sources. For example—


(1) Casual use generally includes the
collection of geochemical, rock, soil, or
mineral specimens using hand tools;
hand panning; or non-motorized sluic-
ing. It may include use of small port-
able suction dredges.
It also generally
includes use of metal detectors, gold
spears and other battery-operated de-
vices for sensing the presence of min-
erals, and hand and battery-operated
drywashers. Operators may use motor-
ized vehicles for casual use activities
provided the use is consistent with the
regulations governing such use (part
8340 of this title), off-road vehicle use
designations contained in BLM land-
use plans, and the terms of temporary
closures ordered by BLM. 


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diggingbar  I don't have a problem understanding CFR 3809 regs.at all, so I will interperate it for you.


"Gold miners stay out!   You are on BLM land and we are Bureaucrats Managing the Land.  This land is not for the U.S. taxpayers to rape in order to make millions of dollars on the weekend."

  If you need a job with good benefits and you enjoy harassing people and working at Mc Donalds was too hard for you to comprehend even though you had 3 years of colledge.        Then come join our BLM team!


I think my interpertation is slightly biased and I may have taken some liberties about most people who work there, but I hope you have a better understanding now.


P.S.  I now reside in Arizona again and will need to obtain the truck loads of regulations myself.  I am not sure if I can suck hard enough to operate a suction dredge without using a motorized sluice box.  Maybe you can explain that process to me, because I was a dumb goldminer when I should have gone to colledge.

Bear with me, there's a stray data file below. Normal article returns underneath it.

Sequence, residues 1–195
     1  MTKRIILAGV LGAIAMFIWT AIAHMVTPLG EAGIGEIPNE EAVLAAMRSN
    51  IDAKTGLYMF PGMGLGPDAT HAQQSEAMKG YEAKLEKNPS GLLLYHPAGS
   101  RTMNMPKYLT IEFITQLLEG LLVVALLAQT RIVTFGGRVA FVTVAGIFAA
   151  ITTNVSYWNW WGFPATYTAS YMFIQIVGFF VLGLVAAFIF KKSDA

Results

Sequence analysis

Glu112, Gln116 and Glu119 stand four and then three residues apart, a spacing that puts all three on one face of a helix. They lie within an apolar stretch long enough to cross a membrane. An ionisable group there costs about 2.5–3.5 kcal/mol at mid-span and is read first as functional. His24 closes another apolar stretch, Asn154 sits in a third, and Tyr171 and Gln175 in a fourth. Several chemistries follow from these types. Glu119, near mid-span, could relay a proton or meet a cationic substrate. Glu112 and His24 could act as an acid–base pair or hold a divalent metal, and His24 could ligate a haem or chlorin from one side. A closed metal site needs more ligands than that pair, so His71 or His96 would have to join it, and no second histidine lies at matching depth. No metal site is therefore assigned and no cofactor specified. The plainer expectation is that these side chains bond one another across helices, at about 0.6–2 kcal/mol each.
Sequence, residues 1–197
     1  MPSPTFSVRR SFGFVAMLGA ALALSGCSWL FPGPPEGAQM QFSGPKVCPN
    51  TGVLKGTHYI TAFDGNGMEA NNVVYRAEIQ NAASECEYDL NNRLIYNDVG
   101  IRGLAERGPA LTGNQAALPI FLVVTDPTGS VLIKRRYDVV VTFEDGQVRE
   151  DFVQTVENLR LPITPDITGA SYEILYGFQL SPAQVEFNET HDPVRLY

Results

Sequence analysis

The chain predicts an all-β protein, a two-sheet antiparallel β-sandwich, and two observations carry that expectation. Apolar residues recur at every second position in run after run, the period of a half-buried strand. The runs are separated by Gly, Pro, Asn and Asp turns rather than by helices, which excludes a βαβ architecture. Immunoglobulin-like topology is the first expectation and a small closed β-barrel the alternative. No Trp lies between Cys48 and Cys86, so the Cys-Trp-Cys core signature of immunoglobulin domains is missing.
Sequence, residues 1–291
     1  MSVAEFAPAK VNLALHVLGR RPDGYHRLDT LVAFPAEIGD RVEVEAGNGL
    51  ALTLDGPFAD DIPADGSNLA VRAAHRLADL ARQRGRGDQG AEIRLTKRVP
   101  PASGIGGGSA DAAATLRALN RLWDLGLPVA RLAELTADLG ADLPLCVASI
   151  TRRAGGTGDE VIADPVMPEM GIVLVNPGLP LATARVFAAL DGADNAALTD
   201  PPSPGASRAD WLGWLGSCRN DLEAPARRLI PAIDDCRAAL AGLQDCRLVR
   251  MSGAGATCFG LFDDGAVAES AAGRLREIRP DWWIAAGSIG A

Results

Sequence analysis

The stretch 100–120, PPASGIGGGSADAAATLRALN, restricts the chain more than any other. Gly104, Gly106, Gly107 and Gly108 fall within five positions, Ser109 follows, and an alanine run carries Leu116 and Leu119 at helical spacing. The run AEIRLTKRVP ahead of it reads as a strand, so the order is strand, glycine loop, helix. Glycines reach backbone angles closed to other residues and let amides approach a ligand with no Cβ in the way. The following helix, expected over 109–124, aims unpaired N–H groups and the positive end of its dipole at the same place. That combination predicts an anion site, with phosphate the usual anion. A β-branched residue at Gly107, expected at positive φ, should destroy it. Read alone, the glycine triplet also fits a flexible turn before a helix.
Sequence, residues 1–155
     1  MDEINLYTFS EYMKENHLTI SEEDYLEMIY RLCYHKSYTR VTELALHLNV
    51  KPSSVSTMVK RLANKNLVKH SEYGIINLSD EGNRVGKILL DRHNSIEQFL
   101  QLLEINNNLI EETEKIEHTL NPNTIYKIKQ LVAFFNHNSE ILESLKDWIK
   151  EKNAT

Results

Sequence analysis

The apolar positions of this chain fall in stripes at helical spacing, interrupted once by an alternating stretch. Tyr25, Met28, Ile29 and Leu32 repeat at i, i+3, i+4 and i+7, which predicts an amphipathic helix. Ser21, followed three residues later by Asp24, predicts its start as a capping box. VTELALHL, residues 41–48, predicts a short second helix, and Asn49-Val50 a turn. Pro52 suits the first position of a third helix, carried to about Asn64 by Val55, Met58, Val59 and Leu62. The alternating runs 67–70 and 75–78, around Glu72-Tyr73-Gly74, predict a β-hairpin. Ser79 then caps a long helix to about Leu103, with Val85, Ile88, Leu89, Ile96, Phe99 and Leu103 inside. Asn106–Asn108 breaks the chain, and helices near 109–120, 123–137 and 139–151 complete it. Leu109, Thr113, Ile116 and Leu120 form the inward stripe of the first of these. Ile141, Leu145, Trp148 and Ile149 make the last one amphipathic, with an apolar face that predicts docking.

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Sometimes, things are put into print and distributed as fact, hoping that the masses won't notice that new regulations are contrary to actual law (general mining laws, case law).   I think that's what is going on with the dredging/NOI issue I posted above.  

Both the 14 day camping limit as well as the requirement to submit a NOI and bond in order to mine your claim with a suction dredge are completely bogus.  If miners start to believe new, unlawful regulations are legitimate, then the truth gets more obscured… until it's no longer known.


There is a large prospecting shop here in Az that once told me over the phone that it is only legal to use a 3" or smaller suction dredge.  

That is simply untrue.  I guess they don't plan on selling anything larger than a 3" dredge.    

For some reason, it seems the USFS thinks that 3" is the acceptable limit for a suction dredge.  I don't know how they may have come up with that reasoning, but clubs like the Roadrunners have agreed to that size limit for their members.  I find a 3" dredge to be the bare minimum for getting any reasonable amount of suction dredge mining done.  More often, it's at least a 4".  If I had the water, it would be a 5" or 6".  Miners in Alaska might tell you it's a 6" or 8" that makes sense to them.


If I may.  Simply processing more yardage per day doesn't equate to harm to the public lands or the environment.  Rather, properly-sized equipment allows efficiency (fewer man hours and less fuel use overall) and one to use the best methods they have determined to be available.  How many USFS or BLM employees have any mining experience at all?   How would these public servants know the best method to mine your valuable mineral deposit?